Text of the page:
The Two-Way Mirror

Artwork: Bonnie Burns

I look at my phone again – the third time in the last 30 minutes. I know it’s rude, but it’s so late – my eyes were droopy two hours ago, and the siren call of my bed has only gotten louder. Someone goes to order another round of drinks. Dammit! There goes my window to make an exit without seeming like the grandma that I am.


I can’t resist. I look at my phone again.


9:39 pm! At this rate, I’ll never make it to bed by 10 pm. Sigh.


It’s a team bonding event for a group of us involved on campus happenings and the damn first years have the energy to turn this into an all-nighter. How are they so fucking perky? I’m one of the few third years on the team and feel outnumbered the fourth and fifth years didn’t even bother to show up. They know the drill.


Finally, finally, it starts to wrap up. The first years are antsy, ready to make the walk to Civic whilst sharing a bottle of the Little Fat Lamb stored in a nearby bush. I lock eyes with a fellow third year. We’re ready to get out of here.


I can’t walk to my car fast enough, racing down Northbourne as the minutes tick closer to 10.


9:54 pm. I’m on Adelaide Avenue.


9:56 pm. I turn sharply onto my street.


9:58 pm. I’m in the bathroom, electric toothbrush in hand, smearing lines of white, red and blue toothpaste across the bristles.


I quickly scrub at my face, not having to worry about wearing makeup. No jewellery today. I slip off my baggy crew neck, leaving it on the floor, too tired to even hang it over the laundry basket.


Just as I’m about to turn the lights off in the bathroom, I catch a glimpse of someone’s face in the mirror.


She’s buoyant despite the dimness in the room and late hour, floating on the high of feeling ready for a night out.


Ready for a night of debauchery. You can tell by the way she checks herself out in the mirror. Confident. Already projecting into the wildness of the night, the looseness of moving to music that is too loud, in a throng of bodies that is packed too tight. Her highlighter will catch those strobe lights, her arms will reach out to friends, all of them unsteady on the ferocity of feeling so alive.








I look into the mirror at the reflection of first year me. She’s ready to leave, just as I’m ready to come in. She looks past me, uninterested in this seemingly tired, muted being. Her eyebrows are raised, she’s disappointed at what she sees. Where did this grandma come from? she wonders.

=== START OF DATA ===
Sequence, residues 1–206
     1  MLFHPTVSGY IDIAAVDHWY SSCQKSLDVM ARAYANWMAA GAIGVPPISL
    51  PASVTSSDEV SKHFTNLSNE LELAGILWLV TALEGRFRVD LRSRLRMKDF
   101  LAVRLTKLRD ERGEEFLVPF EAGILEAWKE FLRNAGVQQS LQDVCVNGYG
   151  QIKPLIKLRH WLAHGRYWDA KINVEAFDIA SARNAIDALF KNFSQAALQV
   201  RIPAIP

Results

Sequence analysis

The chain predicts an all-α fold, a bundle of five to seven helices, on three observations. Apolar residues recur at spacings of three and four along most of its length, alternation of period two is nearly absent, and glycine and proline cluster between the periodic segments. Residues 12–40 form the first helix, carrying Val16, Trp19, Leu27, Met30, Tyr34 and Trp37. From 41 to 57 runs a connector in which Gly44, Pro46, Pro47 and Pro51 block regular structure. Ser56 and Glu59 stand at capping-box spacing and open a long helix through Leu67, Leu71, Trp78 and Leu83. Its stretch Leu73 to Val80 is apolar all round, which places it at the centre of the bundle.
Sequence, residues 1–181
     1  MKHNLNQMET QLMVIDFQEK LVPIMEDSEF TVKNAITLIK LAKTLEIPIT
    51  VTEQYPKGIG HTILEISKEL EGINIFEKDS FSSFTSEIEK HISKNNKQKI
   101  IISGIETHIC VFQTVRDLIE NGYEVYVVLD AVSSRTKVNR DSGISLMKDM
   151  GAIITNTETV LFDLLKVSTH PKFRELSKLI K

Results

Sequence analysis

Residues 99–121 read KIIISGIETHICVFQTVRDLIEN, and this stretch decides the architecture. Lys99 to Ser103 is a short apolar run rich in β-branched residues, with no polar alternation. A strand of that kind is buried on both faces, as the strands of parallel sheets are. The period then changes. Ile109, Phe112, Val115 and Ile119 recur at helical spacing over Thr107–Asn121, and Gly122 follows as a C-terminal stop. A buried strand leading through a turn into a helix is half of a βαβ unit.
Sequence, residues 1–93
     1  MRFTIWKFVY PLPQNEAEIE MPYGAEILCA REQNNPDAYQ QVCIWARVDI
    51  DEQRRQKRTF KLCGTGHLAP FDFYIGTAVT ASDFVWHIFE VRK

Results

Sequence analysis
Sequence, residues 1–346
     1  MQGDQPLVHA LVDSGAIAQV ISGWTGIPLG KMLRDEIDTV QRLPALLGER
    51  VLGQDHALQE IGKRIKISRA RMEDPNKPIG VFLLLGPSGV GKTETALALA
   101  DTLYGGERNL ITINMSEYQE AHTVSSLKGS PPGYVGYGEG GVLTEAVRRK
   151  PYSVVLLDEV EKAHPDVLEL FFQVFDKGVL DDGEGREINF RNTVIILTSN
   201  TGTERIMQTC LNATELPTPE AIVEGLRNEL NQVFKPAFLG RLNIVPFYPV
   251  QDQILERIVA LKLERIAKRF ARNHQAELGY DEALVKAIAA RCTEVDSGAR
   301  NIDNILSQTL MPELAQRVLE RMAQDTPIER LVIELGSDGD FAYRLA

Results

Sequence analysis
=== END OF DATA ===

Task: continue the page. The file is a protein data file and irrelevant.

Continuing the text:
I want to tell her, dude, I’m a third year now, fuck, nearly a fourth year, the years of student politics, last minute 2000-word essays and shit CBE tutorials have worn me down. Don’t give me that look. I’ve tried to remain upbeat, to want to go party after an entire week of uni, work and student activism, but what I need is rest, not downstairs Moose tequila shots. Debauchery is a thing of the past, red lipstick has been replaced with Vaseline, knee high boots with Uggs and pretty dresses with flannel pyjamas.


Do I bore you, I want to ask her? You must think me terribly, terribly mundane, home at 10 pm on a Thursday night. What happened to the ready for anything girl, the one who stumbled into a bush for a quick tac-vom before downing that cheap Aldi vodka?


I’ll tell you what. She grew out of it all. Maybe it was the too many mornings waking up hours after sunrise, clutching her head to contain the aches. Or perhaps the change in responsibilities, the shifting of priorities so that liver health became more important than a raging night out.


But it doesn’t matter who she is now, who she has become. Go have your fun, you energised and wild youth. Let this third year rest. She’s fucking tired. 

We acknowledge the Ngunnawal and Ngambri people, who are the Traditional Custodians of the land on which Woroni, Woroni Radio and Woroni TV are created, edited, published, printed and distributed. We pay our respects to Elders past and present. We acknowledge that the name Woroni was taken from the Wadi Wadi Nation without permission, and we are striving to do better for future reconciliation.